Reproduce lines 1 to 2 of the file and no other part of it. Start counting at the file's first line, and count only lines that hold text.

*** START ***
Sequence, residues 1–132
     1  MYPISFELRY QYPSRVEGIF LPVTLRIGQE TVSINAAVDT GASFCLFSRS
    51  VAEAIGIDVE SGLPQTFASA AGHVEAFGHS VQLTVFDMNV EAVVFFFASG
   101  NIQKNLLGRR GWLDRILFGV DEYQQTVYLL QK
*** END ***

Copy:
Sequence, residues 1–132
     1  MYPISFELRY QYPSRVEGIF LPVTLRIGQE TVSINAAVDT GASFCLFSRS